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Trotsky Q&A: Ian Thatcher

Ian D. Thatcher is Professor in History at the University of Ulster, Coleraine. He previously worked at the universities of Auckland, Glasgow, Leicester, and Brunel. His interest in Trotsky goes back to his undergraduate dissertation, Perspectives on Stalinism: A Critical Assessment (1987). It continues to the present day with articles on Trotsky and Lenin’s Funeral, History, 2009 and on the Mezhraionka in Slavonic and East European Review, 2009.

How did you first discover Trotsky?

As part of O-level history that we studied at school between the ages of 14-16. I was so taken with the study of the Russian revolution. This was partly because my home town of Middlesbrough was suffering from the newly elected and much hated in my area Thatcher government. To be a socialist at that time meant an interest in the Russian Revolution that was still seen as the alternative to capitalism. I devoured the school texts and Miss Rowley, my History teacher, would send additional readings to my home address. Trotsky stood out for me as a Bolshevik who still believed in socialism even though the regime in Russia had exiled him. This intrigued me: a socialist alternative to the horrors of the Gulag. I had to learn more.

What are the particular rewards and challenges of working on Trotsky?

Trotsky is such a challenge because he wrote on just about everything – culture, high and low, economics, politics, society, international relations, the Russian and world workers’ movement. It is hard to keep up with him; one has to read very broadly to try to reconstruct his intellectual outlook. Here I recognise my limitations – I would love to know German, Polish, French, Latvian, Lithuanian at least! The rewards are immense though, even working mainly in Russian. I saw a real potential to re-evaluate Trotsky just by undertaking the basic task of trying to read all of his writings chronologically. It seemed to me that current studies had started at the other end and projected backwards. This gave a dominance to Lenin and the Bolsheviks that was not necessarily there and relegated Trotsky’s works that did not touch upon Bolshevik themes. There was the need to overcome both Trotskyist and Stalinist domination of Trotsky’s life and thought. I think that I have been able to shed new or fresh light on Trotsky’s career. The cost is lots of abuse! I am a little concerned that some see me as an anti-Trotsky scholar.

What are the criticisms you most consistently hear of your work, and from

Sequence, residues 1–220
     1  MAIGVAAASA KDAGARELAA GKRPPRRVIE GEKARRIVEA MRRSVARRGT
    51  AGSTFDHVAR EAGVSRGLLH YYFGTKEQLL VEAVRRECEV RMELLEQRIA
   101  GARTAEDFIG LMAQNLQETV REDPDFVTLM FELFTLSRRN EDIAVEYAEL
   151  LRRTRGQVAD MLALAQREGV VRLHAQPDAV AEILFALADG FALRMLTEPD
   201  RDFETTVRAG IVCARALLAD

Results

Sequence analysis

which quarters?

The most vocal criticisms come from the Trotskyist left. The late Al Richardson of Revolutionary History wrote in a review that one should not write on historical characters one does not like. This contains many assumptions, including that I do not admire Trotsky and/or did not before I decided to spend considerable time trying to outline his thought. There are a host of Trotskyist groups who target my work. David North wrote a pamphlet attacking myself and Geoffrey Swain. I have not read it but friends who have tell me that I should take legal action. I prefer to ignore it. Within academia one comes across very odd statements. Paul Blackledge of Leeds Met University who writes on Marxism and History said my analysis of Trotsky as historian was confused since despite my criticisms I still declare Trotsky’s History of the Russian Revolution to be essential reading. Well, one can think of something as flawed but compelling!

How has your perspective on Trotsky evolved in the course of your career?

My view on Trotsky has to be qualified by the statement that I do not consider myself to have ever captured the ‘whole’ Trotsky. I deliberately limited my ‘biography’ to a ‘political life’. This is partly because I consider Trotsky to have been an essentially political animal, and also because it is his thought that interests me most. In this sense the ‘evolution’ has involved a deepening of my acquaintance with Trotsky as thinker, as political analyst. The most striking thing is how his thought deteriorates as the 1930s progress. Everything is put into pre-determined categories. The writing is wooden and dull compared to earlier works. This is partly to be explained by the circumstances in which Trotsky is living and working. It is also an inability, refusal(?), to come to terms with the recent past, with what went wrong with the Russian Revolution. Viktor Serge commented on this in his Memoirs of a Revolutionary. Indeed I doubt whether biographers have presented a rounder Trotsky than Serge’s portrait.

Why do you think people should study Trotsky now – indeed, do you think they should?

If anyone has a keen interest in the history of the Russian Revolution, of the twentieth century, and the politics of Marxism, then Trotsky is still essential reading. I was struck, for example, by how modern scholarship on the 1905 Revolution confirms much of what Trotsky wrote at the time. It has never been my interest or task, and some see this as a real weakness, to try to apply Trotsky’s thought to the modern world.

Which work by Trotsky would you recommend to someone starting out?

For all of its flaws, I would still suggest the autobiography, My Life. It contains a insight into the young Trotsky and of the making of the man – the emphasis on the mind, the superiority of town over village, and a burning sense of self-worth as the champion of the oppressed. One cannot imagine Stalin ever producing such prose!

Ian Thatcher is the author of Trotsky (Routledge Historical Biographies).

Join us again tomorrow as Michael Carley reviews Leon Trotsky on Britain.

10 comments on “Trotsky Q&A: Ian Thatcher

  1. David North
    August 31, 2010